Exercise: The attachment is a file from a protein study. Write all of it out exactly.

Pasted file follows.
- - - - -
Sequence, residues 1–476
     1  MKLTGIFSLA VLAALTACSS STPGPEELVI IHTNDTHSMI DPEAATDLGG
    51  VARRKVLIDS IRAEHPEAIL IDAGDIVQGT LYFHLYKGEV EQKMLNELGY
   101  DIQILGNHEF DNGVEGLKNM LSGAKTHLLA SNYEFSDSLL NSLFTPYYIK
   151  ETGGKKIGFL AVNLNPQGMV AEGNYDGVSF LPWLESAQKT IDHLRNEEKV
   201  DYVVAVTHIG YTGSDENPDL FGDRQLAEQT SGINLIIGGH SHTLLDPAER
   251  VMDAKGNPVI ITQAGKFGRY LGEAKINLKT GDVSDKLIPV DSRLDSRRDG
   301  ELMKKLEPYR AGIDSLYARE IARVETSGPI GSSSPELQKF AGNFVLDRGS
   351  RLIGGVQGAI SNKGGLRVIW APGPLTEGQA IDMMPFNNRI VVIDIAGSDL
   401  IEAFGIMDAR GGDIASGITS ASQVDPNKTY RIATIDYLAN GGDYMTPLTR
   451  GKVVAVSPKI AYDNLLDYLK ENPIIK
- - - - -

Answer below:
Sequence, residues 1–476
     1  MKLTGIFSLA VLAALTACSS STPGPEELVI IHTNDTHSMI DPEAATDLGG
    51  VARRKVLIDS IRAEHPEAIL IDAGDIVQGT LYFHLYKGEV EQKMLNELGY
   101  DIQILGNHEF DNGVEGLKNM LSGAKTHLLA SNYEFSDSLL NSLFTPYYIK
   151  ETGGKKIGFL AVNLNPQGMV AEGNYDGVSF LPWLESAQKT IDHLRNEEKV
   201  DYVVAVTHIG YTGSDENPDL FGDRQLAEQT SGINLIIGGH SHTLLDPAER
   251  VMDAKGNPVI ITQAGKFGRY LGEAKINLKT GDVSDKLIPV DSRLDSRRDG
   301  ELMKKLEPYR AGIDSLYARE IARVETSGPI GSSSPELQKF AGNFVLDRGS
   351  RLIGGVQGAI SNKGGLRVIW APGPLTEGQA IDMMPFNNRI VVIDIAGSDL
   401  IEAFGIMDAR GGDIASGITS ASQVDPNKTY RIATIDYLAN GGDYMTPLTR
   451  GKVVAVSPKI AYDNLLDYLK ENPIIK